The fact that he may not represent Chris Dodd should not be terribly debilitating.
8/1/05 1545: More links at Wizbang from Kevin Aylward.
The bottom line: it is NOT an illegal move.
No, it's not. Nor is it an "abuse of power."
The other bottom line: Bolton doesn't go to the United Nations as someone who enjoys widespread support in the Senate. Nor in opinion polls. Nor, if you believe the testimony, among many people who worked with him.
Well, he actually enjoys support of a majority of Senators. You should have pointed that out. Opinion polls don't matter, in that there's been so much sound and fury signifying nothing expended against him that, of course, the opinion polls are divided. And it would be great if all his people like him, but if he's demanding he will make some enemies. There are people I work with who don't like me. Why? Their job performance has lacked, and I've pointed it out.
So we assume in talking about this "handful of Senators" Mr. Bush also means members of his OWN party. Bolton's foes didn't just include Democrats.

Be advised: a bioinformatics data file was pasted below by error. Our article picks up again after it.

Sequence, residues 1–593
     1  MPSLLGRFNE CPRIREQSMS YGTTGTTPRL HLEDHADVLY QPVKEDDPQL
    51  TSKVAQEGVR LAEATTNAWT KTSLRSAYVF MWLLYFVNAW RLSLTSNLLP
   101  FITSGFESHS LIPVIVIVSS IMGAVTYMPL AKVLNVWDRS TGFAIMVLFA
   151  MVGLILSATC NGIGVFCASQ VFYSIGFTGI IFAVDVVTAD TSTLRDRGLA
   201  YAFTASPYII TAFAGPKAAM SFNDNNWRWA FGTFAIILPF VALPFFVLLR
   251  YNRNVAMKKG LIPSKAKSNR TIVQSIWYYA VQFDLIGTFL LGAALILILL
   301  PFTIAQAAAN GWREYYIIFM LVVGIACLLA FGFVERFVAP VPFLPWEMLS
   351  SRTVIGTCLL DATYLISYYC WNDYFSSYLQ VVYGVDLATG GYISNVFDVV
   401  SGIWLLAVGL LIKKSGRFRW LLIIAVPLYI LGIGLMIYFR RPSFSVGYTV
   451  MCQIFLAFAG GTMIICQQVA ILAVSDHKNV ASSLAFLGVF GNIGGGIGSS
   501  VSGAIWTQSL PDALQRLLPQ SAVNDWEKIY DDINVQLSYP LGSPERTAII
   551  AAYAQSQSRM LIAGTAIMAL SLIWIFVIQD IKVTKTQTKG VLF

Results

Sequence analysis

Well, no, but it was over 90% Democrats. He then links the TimesOnline (UK) and US Editor Gerard Baker, who gets it wrong.
"Then they were going to put it to a floor vote, but they didn't have enough votes to put off a filibuster by the Democrats, which would have blocked the nomination.
Not exactly. They attempted to pass cloture to put the nomination to a floor vote, and the motion for cloture failed to pass despite more than 50% support.
"There's no doubt that the recess appointment has left Bolton in a difficult situation. He doesn't have the full backing of the Senate, so there will be a cloud over his nomination and over everything he does."
So if the Democrats had not prevented cloture and Bolton had been confirmed by, say, 54-46, would that have indicated that he had "the full backing of the Senate?"